He killed a child, she reminded herself again, and then took a deep breath. “Do you want to get out and walk around?”

Without responding, Nick continued staring into the woods.

“It's still a couple of hours before school lets out,” she started, offering him an encouraging smile. “There are only a handful of people around and it seems like they’re all clustered around the play area. Now would be the best time to get out and stretch our legs.”

“I-I feel like I don't deserve it.” He was blinking back tears. “Coming back here was a bad idea. I don't have any right to be here.”

Shaking her head, Mary suppressed a sigh, trying to decide if she was frustrated because he was feeling sorry for himself or she was feeling sorry for him. It doesn’t matter, I’ve come too far to stop now. Steeling herself, she pushed, “That's not true and you know it. It's not being here that you don't think you have a right to, it's happiness of any kind. That day in 1991 was tragic. You killed a child, but you didn't die that day.” This is where she should tell him that he could make sure that Freddy Long didn't die in vain by committing himself to helping other children or find some other way to use that tragedy to make a positive difference for himself and his community.

Unfortunately, positive support would not provoke the reaction from him that she needed, so she let him stew, while doing her best to push her own guilt aside. Then, removing any illusion of support, she got out of the car.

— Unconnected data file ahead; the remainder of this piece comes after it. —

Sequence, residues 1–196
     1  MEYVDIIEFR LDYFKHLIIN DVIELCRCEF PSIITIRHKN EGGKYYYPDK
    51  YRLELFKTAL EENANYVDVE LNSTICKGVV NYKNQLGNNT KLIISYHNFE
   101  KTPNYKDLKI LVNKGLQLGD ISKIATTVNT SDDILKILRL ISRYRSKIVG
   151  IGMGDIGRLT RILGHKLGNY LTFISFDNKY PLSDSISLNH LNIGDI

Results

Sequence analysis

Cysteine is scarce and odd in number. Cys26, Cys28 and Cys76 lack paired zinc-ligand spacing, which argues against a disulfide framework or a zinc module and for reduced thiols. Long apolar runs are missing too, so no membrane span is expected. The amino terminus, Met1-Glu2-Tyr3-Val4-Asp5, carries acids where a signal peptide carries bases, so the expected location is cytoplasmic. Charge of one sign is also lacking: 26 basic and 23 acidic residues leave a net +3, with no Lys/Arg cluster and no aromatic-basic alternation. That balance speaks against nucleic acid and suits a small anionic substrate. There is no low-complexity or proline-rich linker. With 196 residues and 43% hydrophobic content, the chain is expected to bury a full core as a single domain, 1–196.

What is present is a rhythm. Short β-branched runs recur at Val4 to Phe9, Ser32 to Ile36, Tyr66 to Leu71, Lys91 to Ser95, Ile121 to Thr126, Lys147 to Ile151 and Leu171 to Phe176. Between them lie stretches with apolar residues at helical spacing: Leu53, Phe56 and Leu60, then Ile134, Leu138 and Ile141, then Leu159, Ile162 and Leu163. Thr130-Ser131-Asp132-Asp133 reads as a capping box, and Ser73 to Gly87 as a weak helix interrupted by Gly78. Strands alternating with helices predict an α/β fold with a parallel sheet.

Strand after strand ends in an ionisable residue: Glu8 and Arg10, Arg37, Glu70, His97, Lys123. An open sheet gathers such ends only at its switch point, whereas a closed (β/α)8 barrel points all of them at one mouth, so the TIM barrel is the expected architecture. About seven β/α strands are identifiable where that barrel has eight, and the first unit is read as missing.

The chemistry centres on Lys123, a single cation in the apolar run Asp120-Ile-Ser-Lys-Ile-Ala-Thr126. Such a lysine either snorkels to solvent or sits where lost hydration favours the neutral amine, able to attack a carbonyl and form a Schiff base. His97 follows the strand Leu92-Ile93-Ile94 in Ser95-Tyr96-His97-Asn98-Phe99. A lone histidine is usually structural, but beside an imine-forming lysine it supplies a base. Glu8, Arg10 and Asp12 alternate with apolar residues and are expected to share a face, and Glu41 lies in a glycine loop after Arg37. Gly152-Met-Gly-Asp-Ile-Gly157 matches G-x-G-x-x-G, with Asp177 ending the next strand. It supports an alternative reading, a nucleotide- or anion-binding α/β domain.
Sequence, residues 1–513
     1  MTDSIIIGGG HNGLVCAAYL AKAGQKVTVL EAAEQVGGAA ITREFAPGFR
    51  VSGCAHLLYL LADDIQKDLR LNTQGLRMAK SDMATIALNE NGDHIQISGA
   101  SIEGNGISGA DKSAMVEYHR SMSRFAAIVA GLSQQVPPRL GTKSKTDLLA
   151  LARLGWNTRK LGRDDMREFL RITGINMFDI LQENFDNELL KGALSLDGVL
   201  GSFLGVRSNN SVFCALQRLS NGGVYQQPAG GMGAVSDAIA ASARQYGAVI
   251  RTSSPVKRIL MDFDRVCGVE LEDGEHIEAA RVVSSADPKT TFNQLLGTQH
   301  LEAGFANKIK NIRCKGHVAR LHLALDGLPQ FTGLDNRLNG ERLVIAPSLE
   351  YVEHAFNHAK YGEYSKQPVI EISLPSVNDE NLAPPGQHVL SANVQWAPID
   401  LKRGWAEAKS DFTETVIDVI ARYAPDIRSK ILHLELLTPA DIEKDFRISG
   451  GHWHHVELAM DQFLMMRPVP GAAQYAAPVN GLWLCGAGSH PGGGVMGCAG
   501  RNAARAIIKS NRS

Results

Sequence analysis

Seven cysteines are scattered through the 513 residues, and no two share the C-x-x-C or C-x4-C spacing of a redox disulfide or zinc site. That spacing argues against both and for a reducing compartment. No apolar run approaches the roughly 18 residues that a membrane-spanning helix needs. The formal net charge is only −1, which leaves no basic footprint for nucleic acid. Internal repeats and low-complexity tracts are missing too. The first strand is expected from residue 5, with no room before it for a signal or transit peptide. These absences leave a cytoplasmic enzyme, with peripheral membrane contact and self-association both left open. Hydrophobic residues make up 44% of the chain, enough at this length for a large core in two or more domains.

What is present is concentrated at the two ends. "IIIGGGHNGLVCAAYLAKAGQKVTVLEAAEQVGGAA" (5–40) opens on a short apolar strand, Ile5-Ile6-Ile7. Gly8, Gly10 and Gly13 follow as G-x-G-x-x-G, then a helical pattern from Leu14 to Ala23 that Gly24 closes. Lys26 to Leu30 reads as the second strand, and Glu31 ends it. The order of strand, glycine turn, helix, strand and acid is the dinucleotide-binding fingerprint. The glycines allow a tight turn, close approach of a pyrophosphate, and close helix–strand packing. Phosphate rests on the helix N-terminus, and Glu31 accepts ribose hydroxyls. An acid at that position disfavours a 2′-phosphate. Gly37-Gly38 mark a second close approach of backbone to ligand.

“Wait, where are you going?” There was an edge of panic in his voice. That was good.

Walking several paces away, she extended her arms over her head and replied with her back to him. “We've been in the car for hours Nick. You can stay in there and wallow in your despair all you want. I'm going to stretch my legs in this beautiful park.”

As she moved away, Mary realized that she’d left her purse in the car. If this worked, it held the things she’d need, but going back would send the wrong message. I can always go back for it if things look like they’re going in the right direction, she thought to herself and started for the pavilion. She hadn’t gone more than a half dozen steps before hearing the car door open.

A small grin touched the corners of her lips.

“Can we not go that way?” he asked from behind.

Mary hadn't been going in any particular direction but noted that she was headed towards a small concrete bridge. Without turning, she replied, “We can go in whichever direction you like.” When she glanced back, he was still standing next to the car. Turning to walk past the pavilion, she suggested, “How about we go over to Miller's Pond?”

With his brow furled, he watched her move towards the path that led back to the pond. Although his mouth opened to ask how she seemed to know exactly where it was if she was new to Coal Ridge, he hesitated and decided to wait. Closing the car door, he followed, catching up to her at the start of the blacktop path. “This path is new,” he muttered, “it used to be a dirt trail.”

“The real world moves on Nick.”

“Yeah,” he grumbled.

When she turned, he looked quickly away, as if he were just caught staring. It was a behavior she hadn’t yet seen from him and it made her wonder at what had changed.